Two things that it didn't do is make me laugh or have any lesbian sex in it. Which is OK. Neither of those things are "deal breakers" for me. A book called "The Pure and The Impure" is just not going to be funny. (Plus, French people aren't that funny. Except Marcel Marceau and Le Pétomane.) The lesbian sex thing was a bit more of a letdown, since this looked like the type of book that was going to have a lot of lesbian sex in it, but that's fine too. I don't read to get aroused. I just thought I should warn you.
The format of the book is basically a big rant. Each chapter is about a person or couple who Colette has known, who was queer or promiscuous or both. Like a lot of rants, it can get tedious, and sometimes you want to shake the ranter and say "what the fuck are you talking about?" but as a ranter myself I found it all kind of endearing. Sometimes Colette seems to be overthinking things, and sometimes she seems to be painting with a broad brush, and that's how I am too.
The most relatable part to me was when she said, of herself and one of her male friends, "He and I and others like us come from the distant past and are inclined to cherish the arbitrary, to prefer passion to goodness, to prefer combat to discussion." AMEN, sister!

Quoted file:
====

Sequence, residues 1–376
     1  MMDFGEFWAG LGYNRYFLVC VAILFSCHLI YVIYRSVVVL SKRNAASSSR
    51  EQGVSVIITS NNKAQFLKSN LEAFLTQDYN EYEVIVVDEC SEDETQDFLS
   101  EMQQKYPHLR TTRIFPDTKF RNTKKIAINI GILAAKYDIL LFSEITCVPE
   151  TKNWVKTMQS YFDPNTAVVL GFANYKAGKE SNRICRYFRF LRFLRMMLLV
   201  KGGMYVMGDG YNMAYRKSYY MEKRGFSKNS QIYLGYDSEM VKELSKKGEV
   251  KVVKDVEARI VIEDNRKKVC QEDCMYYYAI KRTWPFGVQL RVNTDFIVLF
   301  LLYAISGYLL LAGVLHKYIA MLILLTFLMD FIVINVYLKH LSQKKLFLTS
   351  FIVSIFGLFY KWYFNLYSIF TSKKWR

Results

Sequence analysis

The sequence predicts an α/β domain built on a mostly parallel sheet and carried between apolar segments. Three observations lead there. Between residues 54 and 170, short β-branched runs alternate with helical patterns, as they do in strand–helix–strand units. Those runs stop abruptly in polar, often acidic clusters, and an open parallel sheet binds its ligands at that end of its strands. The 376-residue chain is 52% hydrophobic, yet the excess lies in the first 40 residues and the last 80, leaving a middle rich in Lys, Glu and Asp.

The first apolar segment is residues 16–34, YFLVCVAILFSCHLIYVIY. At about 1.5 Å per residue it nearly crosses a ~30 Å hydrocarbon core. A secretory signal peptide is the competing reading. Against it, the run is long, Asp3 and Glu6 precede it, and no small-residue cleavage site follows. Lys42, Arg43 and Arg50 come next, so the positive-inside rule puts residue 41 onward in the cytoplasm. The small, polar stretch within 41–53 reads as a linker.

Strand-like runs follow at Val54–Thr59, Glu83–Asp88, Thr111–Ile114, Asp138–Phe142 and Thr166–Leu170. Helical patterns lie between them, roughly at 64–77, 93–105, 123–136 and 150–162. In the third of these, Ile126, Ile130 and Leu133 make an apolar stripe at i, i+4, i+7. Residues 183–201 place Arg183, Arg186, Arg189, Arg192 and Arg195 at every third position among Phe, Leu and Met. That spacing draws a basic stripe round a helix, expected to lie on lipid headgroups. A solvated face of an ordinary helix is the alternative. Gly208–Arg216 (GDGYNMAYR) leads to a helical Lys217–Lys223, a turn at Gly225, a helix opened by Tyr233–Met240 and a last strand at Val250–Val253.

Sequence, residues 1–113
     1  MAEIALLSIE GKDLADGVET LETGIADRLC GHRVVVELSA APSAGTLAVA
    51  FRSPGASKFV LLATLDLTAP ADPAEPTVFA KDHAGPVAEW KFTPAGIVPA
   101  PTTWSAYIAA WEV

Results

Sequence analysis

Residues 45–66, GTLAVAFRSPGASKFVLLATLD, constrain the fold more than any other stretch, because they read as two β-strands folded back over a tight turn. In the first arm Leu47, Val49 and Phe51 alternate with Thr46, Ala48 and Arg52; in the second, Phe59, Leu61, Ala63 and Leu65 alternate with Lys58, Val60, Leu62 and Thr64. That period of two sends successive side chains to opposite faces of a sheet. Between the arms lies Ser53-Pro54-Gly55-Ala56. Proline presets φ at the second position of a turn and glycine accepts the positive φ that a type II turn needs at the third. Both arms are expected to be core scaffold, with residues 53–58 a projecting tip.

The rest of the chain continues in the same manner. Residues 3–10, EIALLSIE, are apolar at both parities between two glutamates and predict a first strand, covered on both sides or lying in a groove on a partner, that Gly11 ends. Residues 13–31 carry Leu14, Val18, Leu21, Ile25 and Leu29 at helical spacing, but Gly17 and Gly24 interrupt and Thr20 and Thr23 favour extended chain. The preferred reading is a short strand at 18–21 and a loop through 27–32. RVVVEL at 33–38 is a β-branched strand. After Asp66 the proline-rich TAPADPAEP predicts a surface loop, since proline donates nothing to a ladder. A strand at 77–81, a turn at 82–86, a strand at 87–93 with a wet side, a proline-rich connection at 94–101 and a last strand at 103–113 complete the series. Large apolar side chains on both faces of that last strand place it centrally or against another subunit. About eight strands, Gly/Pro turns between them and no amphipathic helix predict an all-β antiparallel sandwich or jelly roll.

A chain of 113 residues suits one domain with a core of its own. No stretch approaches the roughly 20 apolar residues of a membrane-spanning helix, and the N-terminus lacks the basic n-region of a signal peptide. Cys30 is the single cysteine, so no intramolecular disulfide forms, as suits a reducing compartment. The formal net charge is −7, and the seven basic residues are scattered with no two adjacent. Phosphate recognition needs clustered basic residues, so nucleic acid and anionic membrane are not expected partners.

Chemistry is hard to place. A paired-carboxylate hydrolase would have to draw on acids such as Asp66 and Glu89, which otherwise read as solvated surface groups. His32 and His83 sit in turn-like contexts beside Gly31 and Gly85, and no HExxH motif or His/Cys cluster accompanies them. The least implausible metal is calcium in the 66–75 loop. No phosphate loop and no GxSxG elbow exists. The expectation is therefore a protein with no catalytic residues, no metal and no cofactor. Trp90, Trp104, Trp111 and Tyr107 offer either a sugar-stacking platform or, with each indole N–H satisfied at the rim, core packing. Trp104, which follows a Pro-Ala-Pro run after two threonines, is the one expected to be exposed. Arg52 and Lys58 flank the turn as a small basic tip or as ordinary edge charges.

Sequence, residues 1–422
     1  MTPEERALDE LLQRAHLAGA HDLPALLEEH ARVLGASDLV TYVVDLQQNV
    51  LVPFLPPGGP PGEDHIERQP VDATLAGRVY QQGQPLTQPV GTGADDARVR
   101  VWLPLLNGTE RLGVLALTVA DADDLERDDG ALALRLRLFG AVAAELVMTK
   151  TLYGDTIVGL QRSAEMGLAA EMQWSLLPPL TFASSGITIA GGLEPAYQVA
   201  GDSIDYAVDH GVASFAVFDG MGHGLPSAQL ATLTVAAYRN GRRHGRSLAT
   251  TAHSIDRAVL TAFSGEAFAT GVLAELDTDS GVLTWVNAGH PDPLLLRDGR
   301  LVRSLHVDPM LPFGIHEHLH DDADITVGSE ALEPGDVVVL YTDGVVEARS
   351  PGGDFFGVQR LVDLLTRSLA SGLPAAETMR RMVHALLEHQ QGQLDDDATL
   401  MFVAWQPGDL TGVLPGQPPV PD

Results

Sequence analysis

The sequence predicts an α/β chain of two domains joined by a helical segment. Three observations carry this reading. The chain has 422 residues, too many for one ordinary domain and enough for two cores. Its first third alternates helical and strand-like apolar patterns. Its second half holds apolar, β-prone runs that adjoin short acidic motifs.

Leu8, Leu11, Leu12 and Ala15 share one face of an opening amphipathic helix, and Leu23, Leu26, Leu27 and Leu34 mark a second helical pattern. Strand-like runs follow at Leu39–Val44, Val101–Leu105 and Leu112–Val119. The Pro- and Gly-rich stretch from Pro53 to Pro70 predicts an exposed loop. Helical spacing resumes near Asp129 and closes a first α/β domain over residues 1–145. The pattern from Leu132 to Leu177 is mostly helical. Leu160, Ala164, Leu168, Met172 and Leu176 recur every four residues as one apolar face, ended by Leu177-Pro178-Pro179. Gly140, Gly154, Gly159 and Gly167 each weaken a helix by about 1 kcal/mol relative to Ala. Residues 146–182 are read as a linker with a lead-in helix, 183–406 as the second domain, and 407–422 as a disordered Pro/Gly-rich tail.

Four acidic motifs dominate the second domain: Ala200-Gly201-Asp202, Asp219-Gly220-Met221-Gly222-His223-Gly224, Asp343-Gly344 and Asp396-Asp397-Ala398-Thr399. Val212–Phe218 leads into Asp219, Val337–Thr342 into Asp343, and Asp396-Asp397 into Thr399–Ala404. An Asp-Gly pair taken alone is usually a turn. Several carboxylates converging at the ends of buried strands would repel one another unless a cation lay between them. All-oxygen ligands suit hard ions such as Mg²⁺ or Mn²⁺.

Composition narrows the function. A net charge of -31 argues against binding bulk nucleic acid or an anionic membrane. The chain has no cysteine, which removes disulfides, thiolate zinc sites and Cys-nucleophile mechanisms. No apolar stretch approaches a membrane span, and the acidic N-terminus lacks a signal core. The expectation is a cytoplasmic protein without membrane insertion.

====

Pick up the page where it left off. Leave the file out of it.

Unfortunately, since she's French, Colette also comes across as a know it all. She'll say things like "I am alluding to a certain hermaphroditism which burdens certain highly complex human beings" and you just want to smack the cigarette out of her hand. Really, Colette? Are you and your friends really so highly complex? Passages like this, for me, evoke Leonardo DiCaprio's slave owner character in DJANGO UNCHAINED, who talks in a refined, intellectual voice all the time to mask the fact that he's dumb as shit. But, like I said, I'm a ranter too, so I can forgive these things, as long as you're not measuring people's skulls.
The most horizon-broadening thing for me was the "sensuality" of the writing. I don't mean this in the erotic sense (remember, there are NO LESBIAN SEX scenes in this book) but in the sense of talking about the senses. Colette, since she is French, is very in touch with the smells and tastes of things, and reads into what people are wearing. I never describe smell, taste, or fashion in my own writing, and this book made me feel a little "basic" for that, in a helpful way.
Overall, I'm going to have to give this book a 0/1, because it got a pretty tedious at times, and probably should've just been an essay, but I'm glad that I was forced to read it. (It was this month's selection in my book club.) I like Colette, and in fact I think I have a crush on her. The description of the acoustic qualities of the word "pure" at the end was fantastic, and tied the whole thing together. (The word "pure" in French is "pur," so it translated well.) Also, this book looks good on my shelf. It makes me look like a "highly complex human being." Maybe--hopefully--the kind of human being another human being would want to have sex with.
FINAL SCORE: 0/1